Always do this stretching routine after your foam rolling and prior to any strength training exercises. This routine takes approximately three minutes to complete.
This short video below explains how to perform the stretches. Our free interval timing app has a pre-built timer for this routine to help guide you.
In a perfect world, every muscle would do its job all the time. Unfortunately, not all of us are biomechanically perfect, and most people have some degree of faulty muscle activation.
When it comes to Severs, inactive and weak glutes will alter running, squatting, jumping and landing patterns and can lead to an overload of the heels and calves during sport (this is also a root cause of Osgood Schlatters). By maximising the activation of the glutes during movement you will create an active deload whereby the ground reaction forces of sport will be distributed evenly through the entire lower body musculature, creating an active deload of your heels and knees.
You should perform this glute activation routine directly after your stretching.
The video below shows instructions for how to perform the glute activation routine. You only need to perform one set of each exercise in the series.
Glute bridges are a great exercise for building up hip and core strength without much loading or stress on the heels.
Glute bridges will be a big emphasis for the next few weeks of the program. Not only will you do 10 reps of them every day with your daily glute activation routine, but three times a week, you will need to do extra sets glute bridges as part of your new strength workout.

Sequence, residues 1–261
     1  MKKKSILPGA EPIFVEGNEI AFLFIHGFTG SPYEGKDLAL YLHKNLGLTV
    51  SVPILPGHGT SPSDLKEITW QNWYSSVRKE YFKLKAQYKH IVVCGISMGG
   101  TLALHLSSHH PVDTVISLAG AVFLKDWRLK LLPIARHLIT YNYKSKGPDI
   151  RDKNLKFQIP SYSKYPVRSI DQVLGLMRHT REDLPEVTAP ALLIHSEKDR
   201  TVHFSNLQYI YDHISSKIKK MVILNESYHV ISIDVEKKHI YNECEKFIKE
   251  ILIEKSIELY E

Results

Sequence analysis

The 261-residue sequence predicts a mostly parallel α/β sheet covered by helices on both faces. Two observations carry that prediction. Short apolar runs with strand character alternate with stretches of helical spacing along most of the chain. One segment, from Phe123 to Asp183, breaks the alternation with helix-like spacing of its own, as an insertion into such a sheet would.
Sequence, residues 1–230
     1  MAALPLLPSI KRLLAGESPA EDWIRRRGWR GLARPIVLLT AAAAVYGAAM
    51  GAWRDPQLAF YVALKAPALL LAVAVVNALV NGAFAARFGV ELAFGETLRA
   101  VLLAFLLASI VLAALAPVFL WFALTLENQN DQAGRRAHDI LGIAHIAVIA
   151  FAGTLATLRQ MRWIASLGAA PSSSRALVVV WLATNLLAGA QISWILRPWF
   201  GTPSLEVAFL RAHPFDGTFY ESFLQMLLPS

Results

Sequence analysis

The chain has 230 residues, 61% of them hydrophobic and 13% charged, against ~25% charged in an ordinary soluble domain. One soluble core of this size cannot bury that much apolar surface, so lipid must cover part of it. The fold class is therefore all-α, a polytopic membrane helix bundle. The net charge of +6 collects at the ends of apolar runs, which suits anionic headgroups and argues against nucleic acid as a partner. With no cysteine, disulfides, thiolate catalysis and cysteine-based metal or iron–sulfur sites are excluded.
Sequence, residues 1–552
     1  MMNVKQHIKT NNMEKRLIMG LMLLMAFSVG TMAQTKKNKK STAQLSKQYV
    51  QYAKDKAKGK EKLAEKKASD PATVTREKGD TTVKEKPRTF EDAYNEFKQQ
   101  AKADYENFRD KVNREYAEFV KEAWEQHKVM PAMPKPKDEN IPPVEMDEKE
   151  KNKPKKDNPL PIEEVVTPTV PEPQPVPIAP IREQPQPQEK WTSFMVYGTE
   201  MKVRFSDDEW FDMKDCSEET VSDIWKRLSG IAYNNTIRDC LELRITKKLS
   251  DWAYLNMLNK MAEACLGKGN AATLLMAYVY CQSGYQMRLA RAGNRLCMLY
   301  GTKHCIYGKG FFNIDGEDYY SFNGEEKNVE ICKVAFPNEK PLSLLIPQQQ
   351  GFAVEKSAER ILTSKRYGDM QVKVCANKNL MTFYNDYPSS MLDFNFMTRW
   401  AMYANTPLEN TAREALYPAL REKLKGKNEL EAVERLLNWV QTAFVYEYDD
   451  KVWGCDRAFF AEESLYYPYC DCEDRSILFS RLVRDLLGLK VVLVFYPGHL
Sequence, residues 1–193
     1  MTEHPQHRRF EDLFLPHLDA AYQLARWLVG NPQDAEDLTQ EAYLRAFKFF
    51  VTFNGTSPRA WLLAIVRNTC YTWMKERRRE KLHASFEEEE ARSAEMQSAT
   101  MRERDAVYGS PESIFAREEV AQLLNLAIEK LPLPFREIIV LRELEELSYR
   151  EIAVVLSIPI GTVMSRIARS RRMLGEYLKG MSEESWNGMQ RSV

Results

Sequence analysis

Check out the video below for some form pointers, and pay attention to the reps on each day of the workbook, as these will progressively increase. Take your time with these and do not rush the movement.
Squatting is one of the most important strength movements for building all round lower body strength and helping beat your Severs Disease. Start shallow and focus on great technique with a smooth pattern.
Most athletes with sore heels or knees are a bit hesitant to do squats, however, they are one of the best things you can do for a lifetime of healthy, happy knees and heels if you do them correctly.
The major problem is that almost everyone does them wrong, too deep, too wide, too knee dominant, caving in at the knees, bent and twisted spines. It can be a mess.
Learning to squat properly has a huge payoff. It will help strengthen your glutes, quads, calves, and core and most crucially, a glute dominant squat pattern will translate to improved jumping and landing technique which is crucial for rapidly growing young athletes.
This short video below explains how to perform the squats. You may not get as low as James does in the example and that is fine, just work with what you have.
Continue foam rolling routine, performing the calf isometric holds and now add in the, stretches, glute activation, bridges and squats. You can find the exact sets and reps to complete in your workbook.
Severs quick links: